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Direct Air Capture

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In this report

There are currently 19 direct air capture (DAC) plants operating worldwide, capturing more than 0.01 Mt CO2/year, and a 1Mt CO2/year capture plant is in advanced development in the United States. The latest plant to come online, in September 2021, is capturing 4 kt CO2/year for storage in basalt formations in Iceland. In the Net Zero Emissions by 2050 Scenario, DAC is scaled up to capture more than 85 Mt CO2/year by 2030 and ~980 Mt CO2/year by 2050. This level of deployment will require several more large-scale demonstrations to refine the technology and reduce capture costs.

CO2 capture by direct air capture in the Net Zero Scenario, 2020-2030

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Tracking progress

Direct air capture (DAC) technologies extract CO2 directly from the atmosphere. The CO2 can be permanently stored in deep geological formations (thereby achieving negative emissions or carbon removal) or it can be used, for example in food processing or combined with hydrogen to produce synthetic fuels.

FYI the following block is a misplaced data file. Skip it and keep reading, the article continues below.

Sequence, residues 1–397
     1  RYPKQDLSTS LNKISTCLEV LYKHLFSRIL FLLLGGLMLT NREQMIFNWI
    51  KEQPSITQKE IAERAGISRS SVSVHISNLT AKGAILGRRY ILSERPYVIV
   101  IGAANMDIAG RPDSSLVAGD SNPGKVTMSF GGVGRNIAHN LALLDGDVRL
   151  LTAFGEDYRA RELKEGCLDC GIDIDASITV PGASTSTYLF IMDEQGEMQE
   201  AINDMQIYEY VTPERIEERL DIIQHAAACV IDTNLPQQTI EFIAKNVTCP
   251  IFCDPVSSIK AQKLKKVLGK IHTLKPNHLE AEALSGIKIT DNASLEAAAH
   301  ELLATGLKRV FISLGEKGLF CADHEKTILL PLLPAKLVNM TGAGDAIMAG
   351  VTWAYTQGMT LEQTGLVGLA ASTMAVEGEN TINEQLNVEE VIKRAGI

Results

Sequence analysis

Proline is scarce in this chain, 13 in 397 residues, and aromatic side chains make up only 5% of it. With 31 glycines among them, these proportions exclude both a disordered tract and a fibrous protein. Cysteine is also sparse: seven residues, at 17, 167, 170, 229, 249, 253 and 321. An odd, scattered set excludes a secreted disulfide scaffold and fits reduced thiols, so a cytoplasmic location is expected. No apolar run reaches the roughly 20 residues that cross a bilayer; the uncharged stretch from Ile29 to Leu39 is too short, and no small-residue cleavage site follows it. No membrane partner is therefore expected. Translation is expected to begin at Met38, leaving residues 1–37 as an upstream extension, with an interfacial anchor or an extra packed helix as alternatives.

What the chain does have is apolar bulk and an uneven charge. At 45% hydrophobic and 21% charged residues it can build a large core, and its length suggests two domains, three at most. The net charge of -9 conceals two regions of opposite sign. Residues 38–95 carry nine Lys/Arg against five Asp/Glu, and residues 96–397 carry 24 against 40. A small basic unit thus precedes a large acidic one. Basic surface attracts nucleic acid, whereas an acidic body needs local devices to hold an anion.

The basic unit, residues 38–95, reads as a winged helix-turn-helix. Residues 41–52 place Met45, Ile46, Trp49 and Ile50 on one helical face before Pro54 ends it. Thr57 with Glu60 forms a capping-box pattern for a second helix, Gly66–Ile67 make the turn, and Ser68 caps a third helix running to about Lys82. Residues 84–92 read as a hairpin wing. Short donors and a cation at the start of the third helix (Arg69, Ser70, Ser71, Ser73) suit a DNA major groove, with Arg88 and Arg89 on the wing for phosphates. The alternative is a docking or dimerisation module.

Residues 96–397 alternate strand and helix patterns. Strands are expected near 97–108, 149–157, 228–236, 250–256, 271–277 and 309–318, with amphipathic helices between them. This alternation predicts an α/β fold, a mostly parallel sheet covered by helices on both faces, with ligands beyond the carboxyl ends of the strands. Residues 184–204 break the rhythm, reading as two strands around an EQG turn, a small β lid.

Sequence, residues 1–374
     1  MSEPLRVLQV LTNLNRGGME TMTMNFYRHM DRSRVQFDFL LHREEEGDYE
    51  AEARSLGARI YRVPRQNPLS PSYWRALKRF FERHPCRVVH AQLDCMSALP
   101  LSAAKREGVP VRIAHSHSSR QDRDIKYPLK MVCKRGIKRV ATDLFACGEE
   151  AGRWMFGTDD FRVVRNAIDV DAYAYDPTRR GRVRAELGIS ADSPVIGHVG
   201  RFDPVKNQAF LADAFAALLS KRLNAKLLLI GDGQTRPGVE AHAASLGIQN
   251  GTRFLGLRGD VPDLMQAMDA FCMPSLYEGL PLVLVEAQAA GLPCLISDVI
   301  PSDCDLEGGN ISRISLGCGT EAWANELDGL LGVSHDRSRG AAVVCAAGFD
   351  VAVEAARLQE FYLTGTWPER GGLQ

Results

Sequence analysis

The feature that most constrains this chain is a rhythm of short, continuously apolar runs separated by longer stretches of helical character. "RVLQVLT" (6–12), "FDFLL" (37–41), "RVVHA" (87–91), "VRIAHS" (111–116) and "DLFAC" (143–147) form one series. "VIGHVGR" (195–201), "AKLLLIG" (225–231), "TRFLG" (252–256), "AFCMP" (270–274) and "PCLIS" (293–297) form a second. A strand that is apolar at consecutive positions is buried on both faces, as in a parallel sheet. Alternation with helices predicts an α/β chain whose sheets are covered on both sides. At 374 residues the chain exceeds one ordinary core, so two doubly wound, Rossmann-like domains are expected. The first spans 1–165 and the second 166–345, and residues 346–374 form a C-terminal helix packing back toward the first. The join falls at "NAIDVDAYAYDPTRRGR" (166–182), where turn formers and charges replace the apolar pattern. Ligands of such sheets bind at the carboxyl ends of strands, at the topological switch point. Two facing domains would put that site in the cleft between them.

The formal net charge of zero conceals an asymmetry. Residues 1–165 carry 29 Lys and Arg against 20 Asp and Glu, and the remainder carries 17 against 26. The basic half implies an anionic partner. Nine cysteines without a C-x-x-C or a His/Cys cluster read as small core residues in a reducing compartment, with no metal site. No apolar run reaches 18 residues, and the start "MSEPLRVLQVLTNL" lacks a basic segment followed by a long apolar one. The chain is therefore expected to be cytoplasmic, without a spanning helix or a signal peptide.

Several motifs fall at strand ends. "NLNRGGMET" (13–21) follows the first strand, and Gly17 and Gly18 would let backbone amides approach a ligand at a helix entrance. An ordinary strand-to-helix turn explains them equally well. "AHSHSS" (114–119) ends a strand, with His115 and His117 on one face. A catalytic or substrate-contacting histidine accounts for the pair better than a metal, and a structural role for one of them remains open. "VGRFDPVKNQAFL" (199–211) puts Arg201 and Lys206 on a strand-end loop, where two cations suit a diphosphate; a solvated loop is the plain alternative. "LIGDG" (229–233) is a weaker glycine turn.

Today, two technology approaches are being used to capture CO2 from the air: liquid and solid DAC. Liquid systems pass air through chemical solutions (e.g. a hydroxide solution), which removes the CO2. The system reintegrates the chemicals back into the process by applying high-temperature heat while returning the rest of the air to the environment. 

Solid DAC technology makes use of solid sorbent filters that chemically bind with CO2. When the filters are heated and placed under a vacuum, they release the concentrated CO2, which is then captured for storage or use.

Most large-scale opportunities to use the captured CO2 would result in its rerelease into the atmosphere, such as when synthetic fuel is burned. This would not create negative emissions but could still generate climate benefits, for example if synthetic fuels replace conventional fossil fuels.